This season, fashion is presenting an alarmingly united, frilly and flouncy front. Flower-strewn dresses, waterfall ruffles, beading, bows and acres of chiffon all come under the banner of the new femininity, which might be expected of Marni, say, or Chloe, but when Viktor & Rolf and Comme des Garcons start piling on the chintz, something rather more pernicious is afoot.
So, is this really a modern way to dress? Certainly, it is one of the more radical about-turns in recent fashion history. Just a year ago, bowing down to the power-driven sexuality of the Eighties was the only way to be seen to be dressing. Even six months ago, Gothic Victoriana, with its dark sexual undercurrent, and that Nineties stalwart, androgyny, were both the order of the day. Now, though, we're expected to trip about town resembling nothing more than a flock of urban nymphs and shepherdesses. Sex, in particular, only enters the picture in a proud-to-be-passive kind of a way. For summer role models, then, think Tess of the D'Urbervilles, rushing through meadows shrouded in pretty, pastel-coloured froth. And we all know what happened to her.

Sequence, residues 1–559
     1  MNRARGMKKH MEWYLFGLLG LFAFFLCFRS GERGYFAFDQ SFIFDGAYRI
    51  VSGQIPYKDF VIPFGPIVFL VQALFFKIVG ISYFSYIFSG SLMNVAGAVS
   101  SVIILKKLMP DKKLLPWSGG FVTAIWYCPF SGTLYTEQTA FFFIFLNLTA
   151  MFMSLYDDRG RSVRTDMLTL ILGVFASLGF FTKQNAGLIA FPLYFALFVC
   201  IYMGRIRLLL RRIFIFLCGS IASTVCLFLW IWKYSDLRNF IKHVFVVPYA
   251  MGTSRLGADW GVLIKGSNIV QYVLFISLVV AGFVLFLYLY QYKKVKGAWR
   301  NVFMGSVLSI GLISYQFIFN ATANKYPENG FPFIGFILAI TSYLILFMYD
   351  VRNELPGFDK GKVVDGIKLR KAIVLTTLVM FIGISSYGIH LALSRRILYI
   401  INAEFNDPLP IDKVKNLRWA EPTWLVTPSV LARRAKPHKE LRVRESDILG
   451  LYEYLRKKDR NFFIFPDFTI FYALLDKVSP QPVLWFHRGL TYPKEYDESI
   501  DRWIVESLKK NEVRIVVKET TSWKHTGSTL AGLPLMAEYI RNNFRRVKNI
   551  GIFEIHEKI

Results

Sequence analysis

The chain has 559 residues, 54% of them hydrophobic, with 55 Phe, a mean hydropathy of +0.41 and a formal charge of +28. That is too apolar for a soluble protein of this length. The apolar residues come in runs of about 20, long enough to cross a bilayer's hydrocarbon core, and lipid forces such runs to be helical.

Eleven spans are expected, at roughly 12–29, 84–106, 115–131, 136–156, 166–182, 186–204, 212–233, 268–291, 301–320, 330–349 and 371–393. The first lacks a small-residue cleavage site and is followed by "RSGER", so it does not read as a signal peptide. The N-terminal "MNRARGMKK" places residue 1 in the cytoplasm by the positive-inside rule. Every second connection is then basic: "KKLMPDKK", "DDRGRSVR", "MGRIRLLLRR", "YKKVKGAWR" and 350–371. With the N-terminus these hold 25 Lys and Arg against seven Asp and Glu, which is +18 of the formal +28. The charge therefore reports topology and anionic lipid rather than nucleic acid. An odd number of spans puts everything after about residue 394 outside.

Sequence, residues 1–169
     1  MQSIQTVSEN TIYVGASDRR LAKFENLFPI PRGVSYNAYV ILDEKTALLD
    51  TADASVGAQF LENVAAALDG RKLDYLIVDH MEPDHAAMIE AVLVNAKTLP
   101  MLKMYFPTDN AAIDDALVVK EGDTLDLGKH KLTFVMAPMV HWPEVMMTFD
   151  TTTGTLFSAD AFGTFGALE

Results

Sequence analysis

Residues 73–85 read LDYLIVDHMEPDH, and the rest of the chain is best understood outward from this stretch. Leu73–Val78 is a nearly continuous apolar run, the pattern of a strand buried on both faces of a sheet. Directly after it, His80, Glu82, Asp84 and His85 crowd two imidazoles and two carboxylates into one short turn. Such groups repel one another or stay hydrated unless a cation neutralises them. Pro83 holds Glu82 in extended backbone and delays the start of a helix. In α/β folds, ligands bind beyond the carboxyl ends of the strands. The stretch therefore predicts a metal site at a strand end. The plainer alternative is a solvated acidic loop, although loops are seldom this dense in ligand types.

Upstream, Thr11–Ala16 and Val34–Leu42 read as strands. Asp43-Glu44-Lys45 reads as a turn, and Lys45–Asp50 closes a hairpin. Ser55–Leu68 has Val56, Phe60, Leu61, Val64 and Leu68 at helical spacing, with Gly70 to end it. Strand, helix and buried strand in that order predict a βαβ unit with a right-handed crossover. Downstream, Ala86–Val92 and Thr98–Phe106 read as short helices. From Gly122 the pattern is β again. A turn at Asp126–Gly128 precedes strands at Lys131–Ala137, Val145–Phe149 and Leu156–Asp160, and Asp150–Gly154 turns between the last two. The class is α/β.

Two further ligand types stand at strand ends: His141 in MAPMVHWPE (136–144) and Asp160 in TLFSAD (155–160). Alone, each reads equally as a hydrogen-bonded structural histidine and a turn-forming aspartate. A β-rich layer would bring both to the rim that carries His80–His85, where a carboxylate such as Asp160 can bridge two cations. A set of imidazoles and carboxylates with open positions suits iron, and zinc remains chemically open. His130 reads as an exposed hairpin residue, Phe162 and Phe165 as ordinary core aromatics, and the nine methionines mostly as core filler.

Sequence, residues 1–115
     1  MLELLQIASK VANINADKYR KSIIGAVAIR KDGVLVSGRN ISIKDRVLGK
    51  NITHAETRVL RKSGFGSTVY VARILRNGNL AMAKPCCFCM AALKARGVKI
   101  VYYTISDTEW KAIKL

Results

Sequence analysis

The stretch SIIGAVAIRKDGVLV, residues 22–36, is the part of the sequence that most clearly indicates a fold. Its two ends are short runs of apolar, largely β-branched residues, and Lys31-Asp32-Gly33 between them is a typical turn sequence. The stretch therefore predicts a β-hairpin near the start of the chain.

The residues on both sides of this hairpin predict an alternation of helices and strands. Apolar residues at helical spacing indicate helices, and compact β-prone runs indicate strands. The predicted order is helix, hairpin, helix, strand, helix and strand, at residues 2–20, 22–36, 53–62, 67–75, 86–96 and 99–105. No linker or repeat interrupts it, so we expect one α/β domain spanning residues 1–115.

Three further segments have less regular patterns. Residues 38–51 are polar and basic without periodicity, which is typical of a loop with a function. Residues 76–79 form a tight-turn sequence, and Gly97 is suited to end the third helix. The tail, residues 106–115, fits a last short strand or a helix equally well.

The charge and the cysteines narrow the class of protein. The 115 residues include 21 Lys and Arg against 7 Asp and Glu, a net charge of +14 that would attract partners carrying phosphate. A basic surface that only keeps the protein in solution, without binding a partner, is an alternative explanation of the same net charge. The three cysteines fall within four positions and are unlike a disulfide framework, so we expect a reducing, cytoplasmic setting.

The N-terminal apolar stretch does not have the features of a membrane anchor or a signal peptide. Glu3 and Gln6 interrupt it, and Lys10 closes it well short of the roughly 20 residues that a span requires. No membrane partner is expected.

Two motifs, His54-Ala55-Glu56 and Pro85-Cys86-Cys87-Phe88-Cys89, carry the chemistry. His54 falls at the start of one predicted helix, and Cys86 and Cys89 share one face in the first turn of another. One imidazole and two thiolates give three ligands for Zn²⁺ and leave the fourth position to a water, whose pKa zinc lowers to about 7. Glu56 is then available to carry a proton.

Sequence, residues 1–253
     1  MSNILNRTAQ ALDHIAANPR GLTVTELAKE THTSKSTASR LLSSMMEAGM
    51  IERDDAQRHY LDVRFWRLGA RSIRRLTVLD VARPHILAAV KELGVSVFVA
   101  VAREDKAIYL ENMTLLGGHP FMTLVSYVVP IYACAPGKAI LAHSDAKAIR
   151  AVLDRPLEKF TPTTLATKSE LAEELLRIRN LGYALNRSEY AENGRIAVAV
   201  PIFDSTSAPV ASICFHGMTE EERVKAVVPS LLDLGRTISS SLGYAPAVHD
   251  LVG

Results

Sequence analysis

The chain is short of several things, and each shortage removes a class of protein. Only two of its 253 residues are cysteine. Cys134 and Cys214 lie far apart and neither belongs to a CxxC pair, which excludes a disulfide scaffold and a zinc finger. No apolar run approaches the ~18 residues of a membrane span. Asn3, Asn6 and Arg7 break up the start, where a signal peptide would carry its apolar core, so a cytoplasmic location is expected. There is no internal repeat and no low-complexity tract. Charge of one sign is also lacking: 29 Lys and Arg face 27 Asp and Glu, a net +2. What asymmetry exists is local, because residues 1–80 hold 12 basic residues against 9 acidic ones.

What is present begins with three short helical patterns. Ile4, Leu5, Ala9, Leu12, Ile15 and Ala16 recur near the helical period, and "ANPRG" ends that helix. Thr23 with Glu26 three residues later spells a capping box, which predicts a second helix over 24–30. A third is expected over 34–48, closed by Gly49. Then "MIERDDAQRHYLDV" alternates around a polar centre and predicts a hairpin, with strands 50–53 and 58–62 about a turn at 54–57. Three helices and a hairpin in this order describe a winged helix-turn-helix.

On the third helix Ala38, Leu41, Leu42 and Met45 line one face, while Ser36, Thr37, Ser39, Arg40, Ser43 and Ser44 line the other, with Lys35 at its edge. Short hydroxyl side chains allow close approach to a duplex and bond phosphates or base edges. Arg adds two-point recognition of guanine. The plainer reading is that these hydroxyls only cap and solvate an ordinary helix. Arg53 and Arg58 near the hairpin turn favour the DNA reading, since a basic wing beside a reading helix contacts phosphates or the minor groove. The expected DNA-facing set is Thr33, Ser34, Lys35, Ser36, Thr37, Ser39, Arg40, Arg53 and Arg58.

Safe in the knowledge that fashion is one of the world's more dangerous addictions - an illness, even! - let's take this one step at a time. Firstly: flower-strewn dresses. Simply ask yourself, when was the last time you saw a grown woman looking even remotely cool in one of these? Cameron Diaz, perhaps? But then, face it, you don't look like her.
Next: waterfall ruffles. These are, admittedly, lovely to behold at the plunging neckline of the pre-pubescent. Anyone else is likely to resemble the archetypal pub landlady. A scattering of beads is acceptable, admittedly, although there are those who might argue that given the overall maximal effect of the season, it's hardly necessary. Bows are more problematic, particularly when those in question are more dressed-up dolly than Belle de Jour. …